This sees the first rounds of playtesting.  My preference is to begin testing with one group, and attend the games myself to see firsthand how they react to design.  At first at least, I do not look for “gamey” strategies and gimmicks that warp strategy from roughly historical alternatives and patterns, but rather examine the essential soundness of the design and its components. 

The combat results table is the one element that is most certain of alteration, regardless of how well I might think it was conceived.  Inchon presented a clear lesson in that. 

I created the first draft of the CRT based on that of Hitler’s Last Gamble (3W), the Battle of the Bulge game designed by Danny Parker.  I respected his methodology and expertise, and thought it would be valid to extrapolate from World War II combat with similar organizations and weapons, at a comparable scale, to engagements in Korea about six years later.


Unfortunately I was completely wrong.  Not about Parker’s abilities, which I still hold in high regard, but about the applicability of his CRT to my game.  The first rounds of playtesting revealed that it was not nearly bloody enough to simulate the battles of the Inchon campaign.  The North Koreans were able to make a stand right outside the American beachheads and hold the invaders there in an Anzio-like enclave, despite the latter’s massive advantages in tactical airpower and naval gunfire support.  It was both highly ahistorical and very frustrating for the players. 

More than a little frustrated myself, I suspended playtesting and redid the CRT.  This time, rather than deferring to another designer’s work, I went back to my notes and analyzed historical combats during the drive from Inchon to Seoul.  I played my prototype solitaire a few times, making a small number of minor adjustments, and arrived at a CRT with which I was comfortable.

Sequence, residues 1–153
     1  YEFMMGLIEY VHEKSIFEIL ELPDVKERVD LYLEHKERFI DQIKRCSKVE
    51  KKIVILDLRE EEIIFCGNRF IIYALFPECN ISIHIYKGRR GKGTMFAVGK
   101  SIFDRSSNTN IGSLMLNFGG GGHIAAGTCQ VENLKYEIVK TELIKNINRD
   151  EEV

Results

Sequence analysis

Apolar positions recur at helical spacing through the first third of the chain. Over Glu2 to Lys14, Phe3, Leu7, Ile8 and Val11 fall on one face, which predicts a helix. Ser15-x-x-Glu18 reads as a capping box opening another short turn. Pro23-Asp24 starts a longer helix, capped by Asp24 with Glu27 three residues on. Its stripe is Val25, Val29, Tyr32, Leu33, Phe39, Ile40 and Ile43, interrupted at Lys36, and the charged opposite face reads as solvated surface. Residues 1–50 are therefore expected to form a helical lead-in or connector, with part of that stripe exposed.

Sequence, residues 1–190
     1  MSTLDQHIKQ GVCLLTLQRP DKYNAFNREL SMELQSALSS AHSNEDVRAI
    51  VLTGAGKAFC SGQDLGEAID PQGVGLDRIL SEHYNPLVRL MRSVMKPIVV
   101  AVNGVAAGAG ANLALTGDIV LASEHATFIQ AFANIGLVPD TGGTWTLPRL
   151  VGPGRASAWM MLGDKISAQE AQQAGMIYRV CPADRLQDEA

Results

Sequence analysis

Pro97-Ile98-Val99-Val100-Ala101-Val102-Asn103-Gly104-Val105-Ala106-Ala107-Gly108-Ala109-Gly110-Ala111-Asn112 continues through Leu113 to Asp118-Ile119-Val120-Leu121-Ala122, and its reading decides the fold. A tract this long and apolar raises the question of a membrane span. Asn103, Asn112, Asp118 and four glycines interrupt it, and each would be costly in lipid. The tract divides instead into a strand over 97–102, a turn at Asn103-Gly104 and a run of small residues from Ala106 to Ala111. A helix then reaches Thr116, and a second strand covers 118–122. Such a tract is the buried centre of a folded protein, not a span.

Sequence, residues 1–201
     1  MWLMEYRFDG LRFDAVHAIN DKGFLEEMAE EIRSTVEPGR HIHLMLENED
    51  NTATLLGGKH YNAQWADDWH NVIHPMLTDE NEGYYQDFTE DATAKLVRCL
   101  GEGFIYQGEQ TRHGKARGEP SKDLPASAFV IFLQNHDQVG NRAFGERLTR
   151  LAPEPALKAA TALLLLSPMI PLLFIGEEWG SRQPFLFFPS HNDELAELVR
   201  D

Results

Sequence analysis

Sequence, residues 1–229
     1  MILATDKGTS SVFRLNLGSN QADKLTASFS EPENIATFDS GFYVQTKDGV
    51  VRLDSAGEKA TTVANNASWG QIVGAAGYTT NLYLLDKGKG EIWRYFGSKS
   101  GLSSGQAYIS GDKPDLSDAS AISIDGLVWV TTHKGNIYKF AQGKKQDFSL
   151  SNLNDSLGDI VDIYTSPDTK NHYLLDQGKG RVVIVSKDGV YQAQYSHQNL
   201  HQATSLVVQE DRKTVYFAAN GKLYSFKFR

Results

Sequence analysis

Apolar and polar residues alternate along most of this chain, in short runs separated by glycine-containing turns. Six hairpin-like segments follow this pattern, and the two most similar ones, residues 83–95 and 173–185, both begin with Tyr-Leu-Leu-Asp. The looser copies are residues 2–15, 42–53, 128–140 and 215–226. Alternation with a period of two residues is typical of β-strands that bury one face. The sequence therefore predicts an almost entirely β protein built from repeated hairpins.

I took it back to the playtest group, and it worked for them too, to my satisfaction.  Ultimately, it was the most important change in the game, and I believe the key to making it a success. 

Frozen Chosin uses a variation of the Inchon system, with two major changes.  One is a change in scale, to companies and two turns, one day and one night, per calendar day.  The other is a move from six-sided to ten-sided dice, later adopted for Marianas Campaign too, calling for adjustments to the CRT and the units’ proficiency ratings. 

Despite the benefits and lessons from Inchon, Frozen Chosin still called for one major change.  Early playtesting revealed that the forward USMC units had too much freedom of action, effectively turning around and running for the base at Hagaru-ri as soon as the first waves of Chinese came out of the mountains.  Historically, the 1st Marine Division was under orders to attack to the northwest, not conduct a fighting retreat in the opposite direction, until the level of the Chinese intervention and the danger posed by it became more clear to the X Corps headquarters.  Additionally, one could not simply turn around two regiments and move the other way, not without a good deal of preparation and staff work.  The game was allowing the United Nations player to reverse direction with a pace that would have been the envy of his historical counterparts.